One of Martin’s many gifts was his visionary gift of reading the “signs of the times” and understanding that Vatican II was part of the first tremors of a colossal sesmic shift shaking old edifices and changing attitudes of the times to the shock of some and the delight of others.

In a Foreword written for the 1993 book, The Thunder of Justice, by Ted and Maureen Flynn, Martin wrote …

“The most pathetic among us are those who are especially skillful in analyzing material trends like the weather, the stock market, the latest political omens, and the most up-to-date vogue in fashions and sexual mores, but who cannot read what Christ emphasized as those telltale ‘signs of the times.’”

Martin’s reputation was smeared with the 2002 publishing of the Robert Blair Kaiser book, “Clercial Error, A True Story,” in which Kaiser, a party-host journalist from Time magazine, was covering the 3 1/2-year long Vatican II conclave. In his book Kaiser claimed that Martin seduced his wife thereby destroying Kaiser’s marriage. The Time journalist also alleged that Martin was a notorious womanizer leaving behind a trail of broken hearts in various Roman villas.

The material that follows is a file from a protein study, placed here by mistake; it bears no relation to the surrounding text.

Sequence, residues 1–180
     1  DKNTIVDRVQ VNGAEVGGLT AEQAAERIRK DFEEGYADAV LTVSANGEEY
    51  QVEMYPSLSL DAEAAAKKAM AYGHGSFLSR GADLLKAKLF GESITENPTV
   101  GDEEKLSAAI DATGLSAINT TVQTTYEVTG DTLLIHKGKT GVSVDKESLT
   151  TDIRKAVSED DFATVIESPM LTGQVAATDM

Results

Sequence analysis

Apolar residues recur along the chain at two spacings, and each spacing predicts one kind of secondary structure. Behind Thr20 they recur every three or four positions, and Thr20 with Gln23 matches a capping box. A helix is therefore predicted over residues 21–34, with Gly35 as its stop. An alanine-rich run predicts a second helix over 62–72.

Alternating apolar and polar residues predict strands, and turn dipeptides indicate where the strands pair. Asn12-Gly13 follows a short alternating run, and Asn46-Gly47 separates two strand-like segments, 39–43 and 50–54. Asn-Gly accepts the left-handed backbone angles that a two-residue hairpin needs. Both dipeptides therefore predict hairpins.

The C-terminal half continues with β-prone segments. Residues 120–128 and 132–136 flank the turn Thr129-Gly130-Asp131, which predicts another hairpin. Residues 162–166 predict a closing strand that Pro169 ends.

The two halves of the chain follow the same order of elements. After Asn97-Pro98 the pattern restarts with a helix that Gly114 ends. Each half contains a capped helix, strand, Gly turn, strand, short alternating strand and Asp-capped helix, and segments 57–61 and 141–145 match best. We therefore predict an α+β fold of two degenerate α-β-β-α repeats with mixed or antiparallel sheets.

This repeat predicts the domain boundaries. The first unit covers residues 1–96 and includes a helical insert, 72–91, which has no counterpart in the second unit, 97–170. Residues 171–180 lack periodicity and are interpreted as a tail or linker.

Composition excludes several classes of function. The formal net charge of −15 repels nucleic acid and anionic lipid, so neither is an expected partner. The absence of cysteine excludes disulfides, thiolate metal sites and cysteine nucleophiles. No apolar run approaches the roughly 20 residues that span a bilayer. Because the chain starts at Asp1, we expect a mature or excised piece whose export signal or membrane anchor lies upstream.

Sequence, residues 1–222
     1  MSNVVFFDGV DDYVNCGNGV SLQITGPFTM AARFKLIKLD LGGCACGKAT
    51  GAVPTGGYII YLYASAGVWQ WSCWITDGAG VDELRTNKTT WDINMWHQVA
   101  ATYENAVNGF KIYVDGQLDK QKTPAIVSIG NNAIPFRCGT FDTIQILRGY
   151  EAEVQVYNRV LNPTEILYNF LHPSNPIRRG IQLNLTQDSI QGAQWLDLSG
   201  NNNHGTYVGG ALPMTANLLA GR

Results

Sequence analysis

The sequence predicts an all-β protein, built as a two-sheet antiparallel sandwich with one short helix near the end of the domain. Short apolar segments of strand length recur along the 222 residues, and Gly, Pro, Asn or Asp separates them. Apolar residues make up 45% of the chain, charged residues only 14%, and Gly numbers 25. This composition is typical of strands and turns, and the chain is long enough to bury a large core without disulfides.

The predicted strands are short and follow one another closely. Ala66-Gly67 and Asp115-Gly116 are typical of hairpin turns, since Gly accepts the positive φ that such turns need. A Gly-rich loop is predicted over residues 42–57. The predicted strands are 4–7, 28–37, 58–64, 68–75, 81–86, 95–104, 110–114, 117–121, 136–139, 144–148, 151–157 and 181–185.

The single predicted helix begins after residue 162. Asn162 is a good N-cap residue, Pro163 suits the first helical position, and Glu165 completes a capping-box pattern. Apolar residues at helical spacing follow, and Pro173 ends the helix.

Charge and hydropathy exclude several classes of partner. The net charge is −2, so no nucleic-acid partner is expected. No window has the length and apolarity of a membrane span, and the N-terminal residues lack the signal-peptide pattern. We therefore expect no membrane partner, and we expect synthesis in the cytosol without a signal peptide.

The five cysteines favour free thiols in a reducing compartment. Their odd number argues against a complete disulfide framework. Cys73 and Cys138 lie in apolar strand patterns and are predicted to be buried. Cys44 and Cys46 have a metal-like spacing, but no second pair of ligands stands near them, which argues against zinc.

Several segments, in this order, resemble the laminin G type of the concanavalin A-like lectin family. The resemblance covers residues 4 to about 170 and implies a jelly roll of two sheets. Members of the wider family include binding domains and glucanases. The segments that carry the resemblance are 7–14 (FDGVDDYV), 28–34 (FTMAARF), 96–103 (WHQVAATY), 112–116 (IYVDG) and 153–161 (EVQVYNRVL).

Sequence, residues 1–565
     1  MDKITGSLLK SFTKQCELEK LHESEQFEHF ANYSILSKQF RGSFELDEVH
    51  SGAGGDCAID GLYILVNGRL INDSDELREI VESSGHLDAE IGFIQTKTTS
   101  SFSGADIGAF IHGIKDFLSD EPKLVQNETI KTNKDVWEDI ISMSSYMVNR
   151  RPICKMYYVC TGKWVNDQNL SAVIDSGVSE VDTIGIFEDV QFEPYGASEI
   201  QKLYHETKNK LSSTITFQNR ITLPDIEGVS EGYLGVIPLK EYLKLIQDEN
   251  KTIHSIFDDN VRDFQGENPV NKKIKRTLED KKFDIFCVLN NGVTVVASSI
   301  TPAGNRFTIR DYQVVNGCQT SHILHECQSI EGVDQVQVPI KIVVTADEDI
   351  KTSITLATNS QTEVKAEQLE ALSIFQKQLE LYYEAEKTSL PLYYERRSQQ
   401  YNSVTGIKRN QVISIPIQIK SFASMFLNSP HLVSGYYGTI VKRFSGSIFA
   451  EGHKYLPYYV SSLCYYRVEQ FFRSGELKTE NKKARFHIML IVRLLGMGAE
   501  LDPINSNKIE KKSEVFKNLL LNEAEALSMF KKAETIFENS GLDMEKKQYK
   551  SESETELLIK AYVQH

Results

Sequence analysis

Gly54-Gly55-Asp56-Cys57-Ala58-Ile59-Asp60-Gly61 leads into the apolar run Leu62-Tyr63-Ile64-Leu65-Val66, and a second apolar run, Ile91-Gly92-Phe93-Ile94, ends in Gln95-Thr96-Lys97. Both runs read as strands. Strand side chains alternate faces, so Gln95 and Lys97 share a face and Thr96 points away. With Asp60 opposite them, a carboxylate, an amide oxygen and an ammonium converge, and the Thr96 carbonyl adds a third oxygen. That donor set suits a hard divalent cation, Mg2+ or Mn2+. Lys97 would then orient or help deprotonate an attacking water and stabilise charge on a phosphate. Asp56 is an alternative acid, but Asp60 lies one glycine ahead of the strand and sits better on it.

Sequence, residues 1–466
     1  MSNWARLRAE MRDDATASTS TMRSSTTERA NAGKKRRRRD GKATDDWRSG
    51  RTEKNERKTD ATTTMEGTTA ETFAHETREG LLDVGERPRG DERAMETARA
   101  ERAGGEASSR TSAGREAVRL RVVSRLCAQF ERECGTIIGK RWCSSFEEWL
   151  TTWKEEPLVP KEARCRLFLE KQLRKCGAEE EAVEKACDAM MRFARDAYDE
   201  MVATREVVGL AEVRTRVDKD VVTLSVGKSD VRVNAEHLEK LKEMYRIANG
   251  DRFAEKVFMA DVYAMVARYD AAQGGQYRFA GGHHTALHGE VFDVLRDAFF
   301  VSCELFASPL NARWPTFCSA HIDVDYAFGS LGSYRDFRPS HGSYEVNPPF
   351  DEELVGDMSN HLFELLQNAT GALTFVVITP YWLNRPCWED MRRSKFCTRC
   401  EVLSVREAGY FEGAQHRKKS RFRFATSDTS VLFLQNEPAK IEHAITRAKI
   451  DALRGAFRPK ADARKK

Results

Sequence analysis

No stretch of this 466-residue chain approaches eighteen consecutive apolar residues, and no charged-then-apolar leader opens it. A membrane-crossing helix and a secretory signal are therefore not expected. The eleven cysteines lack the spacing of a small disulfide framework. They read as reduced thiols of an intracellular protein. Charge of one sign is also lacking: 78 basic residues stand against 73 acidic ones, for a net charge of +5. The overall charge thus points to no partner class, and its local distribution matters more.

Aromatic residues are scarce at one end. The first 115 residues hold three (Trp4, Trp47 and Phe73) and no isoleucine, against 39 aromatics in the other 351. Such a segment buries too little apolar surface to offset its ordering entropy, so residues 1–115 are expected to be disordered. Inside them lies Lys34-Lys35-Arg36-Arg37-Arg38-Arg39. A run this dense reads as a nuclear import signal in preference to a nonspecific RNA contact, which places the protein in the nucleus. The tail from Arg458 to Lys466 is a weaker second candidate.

Incidentally, Kaiser has published a new book, Cardinal Mahony, a somewhat uncomfortable offering to the creative art form called “faction” or “fiction-nonfiction” in which the Cardinal of Los Angeles is kidnapped by terrorists, whisked away in a helicopter, then resorts to street-talk profanities.

In this fictional portrayal of a foul-mouthed Cardinal Mahony one wonders if Kaiser’s attempt to arouse readership interest in a fiction-nonfiction genre, did he also fictionalize Martin’s alleged affair with the journalist’s wife? At the time of the alleged affair, Kaiser was supposedly undergoing mental treatment for paranoid schizophrenia, a charge that Kaiser says had nothing to do with the allegation of a “clerical error.” And if Kaiser was boiling mad about the alleged tryst between Martin and his wife, why did it take Kaiser 40 years to publish the book? He must have been on a really slow boil.